this.sellPrice = tradeSignal.midprice;
		  this.tradeCosts += TRADE_COST;
		  this.pnl += (this.sellPrice - this.buyPrice)*SHARES - 2*TRADE_COST;
		  this.sellSize += SHARES;
		  this.sellTotal += SHARES * tradeSignal.midprice;
		  // Sell to open
		  this.own = true;
		  this.pos = -1;
		  this.sellPrice = tradeSignal.midprice;
		  this.tradeCosts += TRADE_COST;
		  this.sellSize += SHARES;		  
		  this.sellTotal += SHARES * tradeSignal.midprice;
		} else if(this.own && this.pos == -1 && tradeSignal.trade == 10) {
		  // Buy to close
		  this.own = false;
		  this.pos = 0;
		  this.buyPrice = tradeSignal.midprice;
		  this.tradeCosts += TRADE_COST;
		  this.pnl += (this.sellPrice - this.buyPrice)*SHARES - 2*TRADE_COST;
		  this.buySize += SHARES;
		  this.buyTotal += SHARES * tradeSignal.midprice;
		  // Buy to open
		  this.own = true;
		  this.pos = 1;
		  this.buyPrice = tradeSignal.midprice;
		  this.tradeCosts += TRADE_COST;
		  this.buySize += SHARES;		  
		  this.buyTotal += SHARES * tradeSignal.midprice;
		}
	}
	this.computeResult = function () {
		var result = {
			"pnl": this.pnl,
			"buySize": this.buySize,
			"sellSize": this.sellSize,
			"buyTotal": this.buyTotal,
			"sellTotal": this.sellTotal,
			"tradeCost": this.tradeCost
			};
		return result;
	}
}

Finally, we output to the Power BI dashboard for visualization.

SELECT * INTO tradeSignalDashboard FROM tradeSignal /* output tradeSignal to PBI */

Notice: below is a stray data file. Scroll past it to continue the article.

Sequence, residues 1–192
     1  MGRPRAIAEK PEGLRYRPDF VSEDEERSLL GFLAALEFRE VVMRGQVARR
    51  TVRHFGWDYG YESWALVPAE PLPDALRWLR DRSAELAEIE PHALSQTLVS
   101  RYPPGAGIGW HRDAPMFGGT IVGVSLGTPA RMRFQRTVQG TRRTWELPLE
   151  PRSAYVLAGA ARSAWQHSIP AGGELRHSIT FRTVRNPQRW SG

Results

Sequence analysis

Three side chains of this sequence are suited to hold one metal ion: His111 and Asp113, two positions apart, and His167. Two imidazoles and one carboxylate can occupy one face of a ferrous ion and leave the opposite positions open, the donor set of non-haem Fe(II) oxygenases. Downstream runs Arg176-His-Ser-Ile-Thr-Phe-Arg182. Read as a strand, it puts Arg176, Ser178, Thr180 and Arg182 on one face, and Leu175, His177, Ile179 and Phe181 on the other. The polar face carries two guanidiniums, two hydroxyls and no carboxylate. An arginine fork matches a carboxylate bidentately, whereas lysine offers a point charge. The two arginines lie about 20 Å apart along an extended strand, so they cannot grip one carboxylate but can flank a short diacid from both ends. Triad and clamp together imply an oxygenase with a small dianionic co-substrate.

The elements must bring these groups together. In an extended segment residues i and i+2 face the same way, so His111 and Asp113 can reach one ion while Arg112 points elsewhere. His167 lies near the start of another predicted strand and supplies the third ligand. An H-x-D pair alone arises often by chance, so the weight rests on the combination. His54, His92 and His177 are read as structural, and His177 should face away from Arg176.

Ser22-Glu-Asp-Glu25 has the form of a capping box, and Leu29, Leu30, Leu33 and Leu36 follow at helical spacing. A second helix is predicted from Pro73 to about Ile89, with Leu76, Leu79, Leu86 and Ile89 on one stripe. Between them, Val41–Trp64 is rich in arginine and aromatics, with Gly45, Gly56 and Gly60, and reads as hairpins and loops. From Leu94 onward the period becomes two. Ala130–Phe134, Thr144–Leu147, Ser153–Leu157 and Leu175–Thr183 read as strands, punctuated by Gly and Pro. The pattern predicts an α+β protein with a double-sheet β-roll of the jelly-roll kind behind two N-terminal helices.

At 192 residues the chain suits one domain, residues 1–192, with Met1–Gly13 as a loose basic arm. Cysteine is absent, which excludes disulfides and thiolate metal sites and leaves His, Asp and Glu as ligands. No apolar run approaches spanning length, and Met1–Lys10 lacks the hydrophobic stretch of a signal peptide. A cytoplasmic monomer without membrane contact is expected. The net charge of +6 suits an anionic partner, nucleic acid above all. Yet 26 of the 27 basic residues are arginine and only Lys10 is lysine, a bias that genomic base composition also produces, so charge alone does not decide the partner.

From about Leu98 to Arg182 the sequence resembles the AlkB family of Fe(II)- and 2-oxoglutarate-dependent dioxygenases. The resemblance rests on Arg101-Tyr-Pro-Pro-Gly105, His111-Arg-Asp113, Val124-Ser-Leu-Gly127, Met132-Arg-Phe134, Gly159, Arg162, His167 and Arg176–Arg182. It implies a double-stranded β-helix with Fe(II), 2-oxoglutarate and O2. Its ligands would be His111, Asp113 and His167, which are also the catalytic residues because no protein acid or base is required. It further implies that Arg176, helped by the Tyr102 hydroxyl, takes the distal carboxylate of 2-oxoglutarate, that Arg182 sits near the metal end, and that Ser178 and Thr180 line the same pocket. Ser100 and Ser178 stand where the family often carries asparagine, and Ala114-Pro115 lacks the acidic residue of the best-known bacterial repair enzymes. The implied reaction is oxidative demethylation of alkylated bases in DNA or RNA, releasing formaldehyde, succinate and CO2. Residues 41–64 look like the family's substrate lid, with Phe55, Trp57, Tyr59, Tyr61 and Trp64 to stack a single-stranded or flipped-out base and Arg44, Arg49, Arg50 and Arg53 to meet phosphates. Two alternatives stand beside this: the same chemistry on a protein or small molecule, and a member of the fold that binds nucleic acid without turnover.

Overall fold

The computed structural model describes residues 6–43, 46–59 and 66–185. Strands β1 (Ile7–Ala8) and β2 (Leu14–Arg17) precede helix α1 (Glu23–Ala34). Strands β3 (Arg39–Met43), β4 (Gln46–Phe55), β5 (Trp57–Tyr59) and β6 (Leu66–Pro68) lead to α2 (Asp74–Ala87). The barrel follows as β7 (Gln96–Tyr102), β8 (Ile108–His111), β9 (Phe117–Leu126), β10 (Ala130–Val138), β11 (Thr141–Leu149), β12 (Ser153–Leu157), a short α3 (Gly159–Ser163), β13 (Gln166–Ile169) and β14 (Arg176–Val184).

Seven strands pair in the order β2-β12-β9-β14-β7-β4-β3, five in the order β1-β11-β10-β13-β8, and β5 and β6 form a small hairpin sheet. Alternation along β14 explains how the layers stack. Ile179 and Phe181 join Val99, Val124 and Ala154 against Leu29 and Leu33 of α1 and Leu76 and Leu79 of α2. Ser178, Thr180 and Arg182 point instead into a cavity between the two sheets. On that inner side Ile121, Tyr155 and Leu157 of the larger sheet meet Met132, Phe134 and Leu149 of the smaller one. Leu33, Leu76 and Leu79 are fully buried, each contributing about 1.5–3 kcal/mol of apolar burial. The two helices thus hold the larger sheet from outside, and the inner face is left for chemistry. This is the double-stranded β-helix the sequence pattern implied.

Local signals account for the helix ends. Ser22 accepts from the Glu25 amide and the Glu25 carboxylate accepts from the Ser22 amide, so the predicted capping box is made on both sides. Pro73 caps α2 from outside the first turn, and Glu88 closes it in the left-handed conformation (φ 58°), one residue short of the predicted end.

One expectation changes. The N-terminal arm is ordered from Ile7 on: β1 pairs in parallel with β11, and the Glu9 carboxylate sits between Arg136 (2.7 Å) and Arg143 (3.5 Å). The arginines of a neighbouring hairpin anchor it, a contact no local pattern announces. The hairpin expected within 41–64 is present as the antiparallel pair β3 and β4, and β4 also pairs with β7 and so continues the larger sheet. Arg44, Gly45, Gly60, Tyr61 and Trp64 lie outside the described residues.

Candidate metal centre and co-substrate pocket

SELECT
    symbol,
    time,
    date,
    TRY_CAST(s.pnl as float) AS pnl,
    TRY_CAST(s.buySize as bigint) AS buySize,
    TRY_CAST(s.sellSize as bigint) AS sellSize,
    TRY_CAST(s.buyTotal as float) AS buyTotal,
    TRY_CAST(s.sellTotal as float) AS sellTotal
    INTO pnlDashboard
FROM simulation /* output trade simulation to PBI */

Trades Power BI chart visual

PNL Power BI chart visual

Summary

We can implement a realistic high-frequency trading model with a moderately complex query in Azure Stream Analytics. We have to simplify the model from five input variables to two, because of the lack of a built-in linear regression function. But for a determined user, algorithms with higher dimensions and sophistication can possibly be implemented as JavaScript UDA as well.

It's worth noting that most of the query, other than the JavaScript UDA, can be tested and debugged in Visual Studio through Azure Stream Analytics tools for Visual Studio. After the initial query was written, the author spent less than 30 minutes testing and debugging the query in Visual Studio.

Currently, the UDA cannot be debugged in Visual Studio. We are working on enabling that with the ability to step through JavaScript code. In addition, note that the fields reaching the UDA have lowercase names. This was not an obvious behavior during query testing. But with Azure Stream Analytics compatibility level 1.1, we preserve the field name casing so the behavior is more natural.

I hope this article serves as an inspiration for all Azure Stream Analytics users, who can use our service to perform advanced analytics in near real time, continuously. Let us know any feedback you have to make it easier to implement queries for advanced analytics scenarios.